In 2005 I wrote an article for the journal of the Philadelphia Folklore Project, Works In Progress, that captured some of the history and lore about Louise Madison (1911-1970), a Philadelphia tap artist who is the centerpiece of my archival research as a Chronicling Resistance Fellow. In that article, Imagining Louise, I speculated on the reasons why Louise’s life and career were shrouded and undocumented despite the monumental regard with which she was held by her peers—men and women dancers alike. Was it that she was a woman soloist who danced with the prowess of male hoofers? Was it her dark complexion and nappy hair texture? Was it that she danced in male attire—sometimes white tails, a top hat, and low-heeled tap shoes? Was it due to the assumptions of some that she was lesbian? Fifteen years later, I know more of the biographical facts about Louise, thanks in large part to having become acquainted with Louise’s granddaughter, who has been on her own search for a vision of who Louise was as an artist. But the questions that troubled my profile of Louse in 2005 remain.
So what’s different now, and why do I think that the archival research I am doing will produce more satisfying answers than I had 15 years ago? The difference is that I now see Louise as a fulcrum for exploration of an expansive web of relationships, environments, and social conditions that might have led her to make life and career choices that defied the conventions and expectations for Black women of her time. It is this broader lens, one that frames Louise not simply as a singular and exceptional or under-acknowledged performer, but as a representative of scores of Black women of her era who used popular performance as a space to invent themselves outside the stereotypes that conspired to consign them to marriage, child-rearing, household service, and low-paid manual labor.
Three writings, all by Black women, came to reshape my conception of this research endeavor. There is Saidiya Hartman’s Wayward Lives, Beautiful Experiments: Intimate Histories of Social Upheaval (2019), that frames dance as a principal liberatory pathway for Black women who chafed at the tight spaces that were assigned to them by the racial and gender rules and conventions in the period between the end of Reconstruction and the late-1930s. One stirring quote reads:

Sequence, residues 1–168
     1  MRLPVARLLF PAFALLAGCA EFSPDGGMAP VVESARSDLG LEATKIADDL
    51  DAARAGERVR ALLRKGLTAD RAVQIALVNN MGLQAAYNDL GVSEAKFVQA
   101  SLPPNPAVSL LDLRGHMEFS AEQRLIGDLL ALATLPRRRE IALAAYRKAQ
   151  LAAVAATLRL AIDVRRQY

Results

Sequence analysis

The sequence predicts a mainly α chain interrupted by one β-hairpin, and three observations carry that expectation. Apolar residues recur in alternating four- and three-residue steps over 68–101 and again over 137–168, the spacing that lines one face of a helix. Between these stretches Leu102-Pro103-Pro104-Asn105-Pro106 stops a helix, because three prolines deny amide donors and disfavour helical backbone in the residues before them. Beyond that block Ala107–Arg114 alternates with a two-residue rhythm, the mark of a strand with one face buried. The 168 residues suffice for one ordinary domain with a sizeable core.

It didn’t matter whether it was a basement dive or a music hall. In its broadest sense, choreography—this practice of bodies in motion—was a call to freedom. The swivel and circle of hips, the nasty elegance of the Shimmy, the changing-same of collective movement, the repetition, the improvisation of escape and subsistence, bodied forth the shared dream of scrub maids, elevator boys, whores, sweet men, stevedores, chorus girls, and tenement dwellers—not to be fixed at the bottom, not to be walled in the ghetto. Each dance was a rehearsal for escape.
After reading Hartman’s work, I came across Babylon Girls: Black Women Performers and the Shaping of the Modern, by Jayna Brown (2008). Brown reveals the powerful influence that African American women who traveled the country and Europe in variety shows—via chorus lines, burlesque revues, cabaret acts, etc.—between 1890 and 1945 had on modern popular culture. Their subversive and agile navigation of racial and gender barriers supported an artistry that was essential to developing the jazz aesthetic.
Finally, Nadine George-Graves’ concept of “diasporic spidering” in her chapter, Diasporic Spidering: Constructing Contemporary Black Identities, in Black Performance Theory, edited by Thomas F. DeFrantz and Anita Gonzalez (2014), offers a discursive strategy for thinking about how Black people construct their own identity and how identities are perceived and imposed by others. Rejecting the notion that for Black Americans probing identity is a function of digging for roots or tracing DNA, George-Graves says: